If you hit a curb when turning, you’ll know by sound and feel whether it was the rubber tyre, the plastic hubcap and/or the metal rim of the wheel.

Early pilots called this ‘flying by the seat of your pants’ – because they literally felt many aspects of the aircraft through their seat.

You’ll take this principle even further.

After a while, your perception will extend beyond the car.

Since you’re well used to keeping your distance from people, you’ll have a valuable asset when it comes to reverse parking.

Onlookers will marvel as you knock the training sticks and bricks over once or twice, but never again.

Once you learn to drive one car, you can learn to drive any vehicle (see photographic evidence above).

It’s a bit like The Matrix movie, in which Trinity downloads the software to fly a helicopter.

But it’s better than that, because the software is already in you.

In fact, it is you.

On the road, because you obey rules and are careful, your dealings with police should be minimal.

In summary, learning to drive could be one of the most empowering and enjoyable things you ever do.

🙂

Brought to you by The Feisty Empire.

Little

April 8, 2012 at 9:22 am | Posted in Benefits, Interests, Recreation, Senses, Sight | 5 Comments
Tags: , , , , , , , , , ,

Little things mean a lot!

Though being highly detail oriented can be a total pain in the bum, it also brings advantages.

One benefit is that you spot things others never see.

I bet if you discovered this tiny Number 5, there wouldn’t be another soul within 20 km who knew about it.

Perhaps only the person who designed the nut and maybe – just maybe – the person who installed it.

It’s a little thing, for sure.

But if you start small, your universe expands out of sight.

🙂

Brought to you by The Feisty Empire.

Number

April 6, 2012 at 10:02 am | Posted in Benefits, Compulsions, Interests, Recreation, Senses, Sight | 1 Comment
Tags: , , , , , , , , , ,

Count yourself lucky!

If you’re entranced by numbers, you can take your passion beyond the screen and into the wider world.

Hunting numbers gives purpose and excitement to your journeys – turning them into mini safaris.

Carrying a camera gives you something to do – and an ‘excuse’ to be where you are.

It’s fun. It keeps you fit. Kind viewers give you helpful feedback (and thus validation).

And if you’re any good (which will likely be the case) you can sell your photos to stock shot firms.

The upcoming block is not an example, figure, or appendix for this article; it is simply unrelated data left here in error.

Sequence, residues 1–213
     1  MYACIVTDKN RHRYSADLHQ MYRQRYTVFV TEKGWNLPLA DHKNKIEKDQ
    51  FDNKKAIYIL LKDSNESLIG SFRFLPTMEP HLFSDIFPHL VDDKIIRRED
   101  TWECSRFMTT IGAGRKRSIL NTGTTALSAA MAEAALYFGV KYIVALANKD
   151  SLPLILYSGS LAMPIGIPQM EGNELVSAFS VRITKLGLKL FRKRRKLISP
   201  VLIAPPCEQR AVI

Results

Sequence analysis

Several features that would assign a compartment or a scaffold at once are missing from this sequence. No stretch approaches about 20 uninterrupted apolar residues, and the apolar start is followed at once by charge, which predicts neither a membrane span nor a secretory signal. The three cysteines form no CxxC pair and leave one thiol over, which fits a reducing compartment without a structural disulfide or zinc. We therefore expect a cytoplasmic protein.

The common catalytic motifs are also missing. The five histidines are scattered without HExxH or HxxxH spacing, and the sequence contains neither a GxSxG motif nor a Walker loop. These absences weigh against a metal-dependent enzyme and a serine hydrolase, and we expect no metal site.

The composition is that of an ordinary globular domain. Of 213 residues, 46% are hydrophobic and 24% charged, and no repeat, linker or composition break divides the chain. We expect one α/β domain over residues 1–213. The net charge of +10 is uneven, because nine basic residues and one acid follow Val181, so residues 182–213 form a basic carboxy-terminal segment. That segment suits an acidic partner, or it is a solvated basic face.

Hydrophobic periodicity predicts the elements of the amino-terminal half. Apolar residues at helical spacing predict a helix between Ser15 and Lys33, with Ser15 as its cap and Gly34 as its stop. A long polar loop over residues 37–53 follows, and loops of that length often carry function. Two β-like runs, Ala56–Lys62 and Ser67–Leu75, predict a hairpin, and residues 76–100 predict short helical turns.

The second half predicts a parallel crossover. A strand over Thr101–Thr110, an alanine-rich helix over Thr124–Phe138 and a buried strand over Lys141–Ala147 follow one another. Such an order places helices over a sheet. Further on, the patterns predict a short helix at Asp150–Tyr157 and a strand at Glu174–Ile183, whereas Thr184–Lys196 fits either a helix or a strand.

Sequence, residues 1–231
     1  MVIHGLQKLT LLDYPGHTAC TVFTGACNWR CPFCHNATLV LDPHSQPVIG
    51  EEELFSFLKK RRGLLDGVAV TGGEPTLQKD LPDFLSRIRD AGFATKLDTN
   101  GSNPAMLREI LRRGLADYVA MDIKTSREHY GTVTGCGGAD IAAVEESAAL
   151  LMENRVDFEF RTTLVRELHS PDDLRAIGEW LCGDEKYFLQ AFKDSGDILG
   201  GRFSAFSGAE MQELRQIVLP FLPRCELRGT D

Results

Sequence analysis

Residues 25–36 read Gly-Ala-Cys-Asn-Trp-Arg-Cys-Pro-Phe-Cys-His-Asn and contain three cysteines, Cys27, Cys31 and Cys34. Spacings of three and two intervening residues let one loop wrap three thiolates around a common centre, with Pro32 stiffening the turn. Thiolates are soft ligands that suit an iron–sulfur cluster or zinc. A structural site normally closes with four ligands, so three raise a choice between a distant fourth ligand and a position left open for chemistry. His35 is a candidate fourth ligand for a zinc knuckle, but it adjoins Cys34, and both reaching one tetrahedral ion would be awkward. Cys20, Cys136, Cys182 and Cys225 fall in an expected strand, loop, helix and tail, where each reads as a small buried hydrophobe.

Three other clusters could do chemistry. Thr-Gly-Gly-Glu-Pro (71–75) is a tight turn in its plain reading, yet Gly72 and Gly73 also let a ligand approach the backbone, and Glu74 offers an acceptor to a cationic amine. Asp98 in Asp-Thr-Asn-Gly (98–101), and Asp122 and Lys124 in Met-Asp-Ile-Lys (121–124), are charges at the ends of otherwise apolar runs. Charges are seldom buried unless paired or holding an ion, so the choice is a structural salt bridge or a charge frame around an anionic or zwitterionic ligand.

I’m experimenting with three types of photo number blog here and here.

Which do you prefer?

🙂

Brought to you by The Feisty Empire.

Colouring-in

May 1, 2010 at 1:24 pm | Posted in 1, Compulsions, Family, Interests, Mind, Recreation, Senses, Sight, Touch | 5 Comments
Tags: , , , , , , , , , , , ,

Points of difference.

You don’t see so many kids’ colouring-in books these days.

If you’re old enough, though, you may recall the pleasure of completing them.

Not all books were the same.

The designs, for instance, varied wildly – from obsessively intricate to insultingly facile.

The best fell somewhere in between.

The papers varied too. From shiny surfaces that barely took a pencil mark to blotter-style offerings that soaked each careful texta stroke far beyond its intended position.

It was rare, therefore, to get a pleasing design on practical paper.

Christmas ‘Bumper Fun Books’, by dint of their sheer size, usually carried two or three satisfying options.

With your attention to detail so keen, you naturally coloured within the lines.

Yet sometimes, engrossed in activity, an unguarded movement saw your marker slip.

This transgression marred the entire work. So much that you had to employ your black texta (the most valuable in the set, and the one most likely to fail first through overuse).

You traced the entire colouring-in design with black, making all the lines slightly wider.

At the slip-up, the line became wider still, as you covered the alien colour with pitch.

The result was not unlike a stained-glass window.

Alas, some errors were too big to mask and had to remain patent.

When you submitted a work thus flawed to your parent, their judgment was revealing.

Instead of praising your industry, your palette or your almost-perfect execution, they did something else.

They started at ten, then subtracted one mark for each crossed line.

Never, in your entire childhood, did you score a perfect ten.

Though you tried and tried and tried.

It was only 40 years later, when writing a blog post to ameliorate the Great Sadness that had befallen you on waking, that you realised something.

Your parent had Asperger’s too.

😐

Brought to you by The Feisty Empire.

Next Page »


Entries and comments feeds.